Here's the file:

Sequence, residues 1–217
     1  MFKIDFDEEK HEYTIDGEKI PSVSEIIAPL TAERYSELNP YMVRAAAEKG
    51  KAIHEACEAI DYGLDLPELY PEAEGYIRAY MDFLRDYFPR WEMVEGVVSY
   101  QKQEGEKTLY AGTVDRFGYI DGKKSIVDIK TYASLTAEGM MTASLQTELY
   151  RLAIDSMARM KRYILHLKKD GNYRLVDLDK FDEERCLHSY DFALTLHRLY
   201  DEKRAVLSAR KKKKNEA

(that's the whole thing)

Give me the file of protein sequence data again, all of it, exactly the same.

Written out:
Sequence, residues 1–217
     1  MFKIDFDEEK HEYTIDGEKI PSVSEIIAPL TAERYSELNP YMVRAAAEKG
    51  KAIHEACEAI DYGLDLPELY PEAEGYIRAY MDFLRDYFPR WEMVEGVVSY
   101  QKQEGEKTLY AGTVDRFGYI DGKKSIVDIK TYASLTAEGM MTASLQTELY
   151  RLAIDSMARM KRYILHLKKD GNYRLVDLDK FDEERCLHSY DFALTLHRLY
   201  DEKRAVLSAR KKKKNEA